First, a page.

I'm just honestly curious why htop isn't available in the base, extras or even centosplus repos. To me it seems innocent and useful, but maybe I've overlooked some aspect of it, such as licensing, and I'm just wondering what the decisionmaking was.

Could anyone clear this up? I'm just curious and hoping to figure out what the reason was, perhaps it could give more insight into the package itself as well because I use it a lot and maybe I've overlooked something about it.

  • 4
    Remember that everything in the RHEL repos are packages which Red Hat has committed to support for the 10 year life of the distro (or the life of the AppStream for RHEL 8, which varies). EPEL exists because this is a small set of packages, and most people need many other things which could not possibly be included because Red Hat just doesn't have the manpower to do it. Aug 17, 2019 at 17:53
  • @MichaelHampton Yea that makes sense, I know that CentOS is just an 'opensource version' of redhat, but I thought htop was simple enough to maintain, maybe it required use of some unstable kernel APIs though, I'd have to dig deeper for that.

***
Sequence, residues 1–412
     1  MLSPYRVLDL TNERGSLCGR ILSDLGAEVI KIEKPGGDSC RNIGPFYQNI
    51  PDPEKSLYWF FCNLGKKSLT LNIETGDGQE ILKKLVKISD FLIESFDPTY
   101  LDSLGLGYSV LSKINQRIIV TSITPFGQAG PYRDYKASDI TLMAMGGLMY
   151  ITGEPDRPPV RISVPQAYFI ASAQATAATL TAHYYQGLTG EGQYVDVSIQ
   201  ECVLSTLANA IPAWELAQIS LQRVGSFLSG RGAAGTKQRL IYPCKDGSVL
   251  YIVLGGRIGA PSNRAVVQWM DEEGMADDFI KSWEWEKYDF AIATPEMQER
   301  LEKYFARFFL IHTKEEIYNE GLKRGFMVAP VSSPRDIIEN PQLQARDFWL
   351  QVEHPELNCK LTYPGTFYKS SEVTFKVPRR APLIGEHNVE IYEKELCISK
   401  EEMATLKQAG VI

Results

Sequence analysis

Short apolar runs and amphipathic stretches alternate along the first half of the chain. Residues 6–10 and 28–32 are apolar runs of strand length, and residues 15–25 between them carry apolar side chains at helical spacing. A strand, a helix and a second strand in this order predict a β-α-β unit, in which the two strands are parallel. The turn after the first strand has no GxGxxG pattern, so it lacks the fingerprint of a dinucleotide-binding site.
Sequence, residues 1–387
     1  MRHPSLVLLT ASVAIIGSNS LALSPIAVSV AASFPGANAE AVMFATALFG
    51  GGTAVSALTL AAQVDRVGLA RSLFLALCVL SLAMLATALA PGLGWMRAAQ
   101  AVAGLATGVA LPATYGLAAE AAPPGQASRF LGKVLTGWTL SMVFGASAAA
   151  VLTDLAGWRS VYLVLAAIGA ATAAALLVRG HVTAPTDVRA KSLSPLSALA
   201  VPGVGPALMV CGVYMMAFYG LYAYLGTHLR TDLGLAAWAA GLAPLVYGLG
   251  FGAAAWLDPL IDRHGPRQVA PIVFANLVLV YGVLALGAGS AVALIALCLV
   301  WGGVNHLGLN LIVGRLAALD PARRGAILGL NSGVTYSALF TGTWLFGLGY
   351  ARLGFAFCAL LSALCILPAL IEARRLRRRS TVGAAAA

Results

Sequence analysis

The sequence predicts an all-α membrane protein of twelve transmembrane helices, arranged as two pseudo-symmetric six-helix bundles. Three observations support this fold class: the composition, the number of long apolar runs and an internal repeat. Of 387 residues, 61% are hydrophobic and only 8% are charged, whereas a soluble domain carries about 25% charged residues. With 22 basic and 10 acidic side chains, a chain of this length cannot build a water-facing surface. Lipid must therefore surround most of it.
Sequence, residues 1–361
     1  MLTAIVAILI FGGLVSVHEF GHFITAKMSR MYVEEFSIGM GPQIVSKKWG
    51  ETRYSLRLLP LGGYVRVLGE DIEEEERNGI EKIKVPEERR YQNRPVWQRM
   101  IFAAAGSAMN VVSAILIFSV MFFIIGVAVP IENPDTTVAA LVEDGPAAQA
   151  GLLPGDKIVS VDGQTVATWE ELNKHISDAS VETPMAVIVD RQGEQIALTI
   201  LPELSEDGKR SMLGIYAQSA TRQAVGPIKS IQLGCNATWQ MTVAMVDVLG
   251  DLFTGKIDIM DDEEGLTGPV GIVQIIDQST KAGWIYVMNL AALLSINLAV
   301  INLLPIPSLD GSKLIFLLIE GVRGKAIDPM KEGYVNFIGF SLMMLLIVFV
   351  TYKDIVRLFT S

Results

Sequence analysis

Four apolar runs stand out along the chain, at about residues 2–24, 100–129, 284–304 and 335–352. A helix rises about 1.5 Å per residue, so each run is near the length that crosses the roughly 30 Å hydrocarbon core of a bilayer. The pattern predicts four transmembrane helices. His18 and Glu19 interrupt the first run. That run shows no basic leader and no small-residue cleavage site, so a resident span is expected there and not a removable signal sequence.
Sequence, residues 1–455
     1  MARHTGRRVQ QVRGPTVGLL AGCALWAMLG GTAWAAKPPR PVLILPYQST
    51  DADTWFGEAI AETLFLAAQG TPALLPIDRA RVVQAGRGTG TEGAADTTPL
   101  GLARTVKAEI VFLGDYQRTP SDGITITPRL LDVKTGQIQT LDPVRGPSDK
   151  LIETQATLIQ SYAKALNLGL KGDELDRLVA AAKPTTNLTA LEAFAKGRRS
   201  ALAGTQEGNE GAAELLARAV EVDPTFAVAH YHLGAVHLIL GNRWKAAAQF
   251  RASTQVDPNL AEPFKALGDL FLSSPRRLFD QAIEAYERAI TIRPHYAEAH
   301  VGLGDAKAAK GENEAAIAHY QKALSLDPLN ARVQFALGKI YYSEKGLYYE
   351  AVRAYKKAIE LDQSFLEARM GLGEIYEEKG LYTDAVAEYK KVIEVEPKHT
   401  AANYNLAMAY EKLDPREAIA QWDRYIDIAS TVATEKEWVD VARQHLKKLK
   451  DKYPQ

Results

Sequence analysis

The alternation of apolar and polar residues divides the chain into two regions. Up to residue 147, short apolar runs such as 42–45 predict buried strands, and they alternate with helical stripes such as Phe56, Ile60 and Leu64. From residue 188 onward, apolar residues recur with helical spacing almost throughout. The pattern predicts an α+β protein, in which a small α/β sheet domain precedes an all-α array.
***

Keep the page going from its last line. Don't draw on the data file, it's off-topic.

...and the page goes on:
– Alex
    Aug 17, 2019 at 18:48

1 Answer 1


CentOS is RHEL repackaged without the Red Hat branding so the root of that omission lies there.

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Previously, a Request for Feature Enhancement was filed with Red Hat Development Engineering requesting this (htop) to be included. However, this was declined in favor of the Performance Co-Pilot toolkit. It is notable that an associated request is being evaluated for future inclusion which would pursue the pcp htop interface https://bugzilla.redhat.com/show_bug.cgi?id=1716242

  • That's pretty much the answer I was hoping for, although taking a look at pcp now (the tool, not the drug), but it seems like it's very different from htop, and requires a service to be running in background, maybe I'm looking at the wrong part of it though because it seems extensive. Thanks for that answer!
    – Alex
    Aug 17, 2019 at 18:47

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